NBC comedy "Parks and Recreation" tossed a sly reference into Thursday night's episode, an "Easter egg" that went right past the non-baseball watching viewer, but delighted people who enjoy advanced baseball statistics.
Look at the name of the law firm. If you're not sabermetrically inclined, here's a break down:
• BABIP = Batting average on balls in play, essentially a hitter's average in at-bats that don't result in a strikeout, walk, home run, hit by pitch or error.
• Pecota = Player Empirical Comparison and Optimization Test Algorithm, named for journeyman Bill Pecota and developed by stat whiz Nate Silver.
• VORP = Value over replacement player, how many more runs one player produces over his replacement.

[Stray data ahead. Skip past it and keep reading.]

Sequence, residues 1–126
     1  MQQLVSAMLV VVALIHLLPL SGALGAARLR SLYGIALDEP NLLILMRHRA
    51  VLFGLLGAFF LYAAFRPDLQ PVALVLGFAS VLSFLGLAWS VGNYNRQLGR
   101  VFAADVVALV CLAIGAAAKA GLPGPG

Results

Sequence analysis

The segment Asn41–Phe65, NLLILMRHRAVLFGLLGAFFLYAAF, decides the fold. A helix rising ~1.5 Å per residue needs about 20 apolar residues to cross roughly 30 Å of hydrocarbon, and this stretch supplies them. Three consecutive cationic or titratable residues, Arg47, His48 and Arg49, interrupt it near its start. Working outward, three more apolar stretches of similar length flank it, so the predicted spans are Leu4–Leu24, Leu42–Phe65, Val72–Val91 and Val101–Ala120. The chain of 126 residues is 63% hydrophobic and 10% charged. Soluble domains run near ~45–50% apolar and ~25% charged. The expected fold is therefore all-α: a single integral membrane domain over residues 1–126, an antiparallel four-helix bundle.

• Eckstein = David Eckstein, whose inclusion is a nod to seminal baseball blog Fire Joe Morgan, which often made fun of Eckstein.
There's a very good explanation for this, one that many of you veterans of the baseball blogosphere probably already know. Michael Schur, the co-creator/executive producer of "Parks and Rec," was one of the gents behind Fire Joe Morgan, writing under the name Ken Tremendous. Alan Yang, one of the "Parks and Recreation" writer/producers, is also a Fire Joe Morgan alum.
Guys, now we want more. Specifically: Does Ron Swanson believe in advanced baseball statistics? Does he think Mike Trout should be the MVP instead of Miguel Cabrera? Does he hate The Wave? Oh, and did Andre Ethier get that suit from Rent A Swag?
BLS H/N: Deadspin
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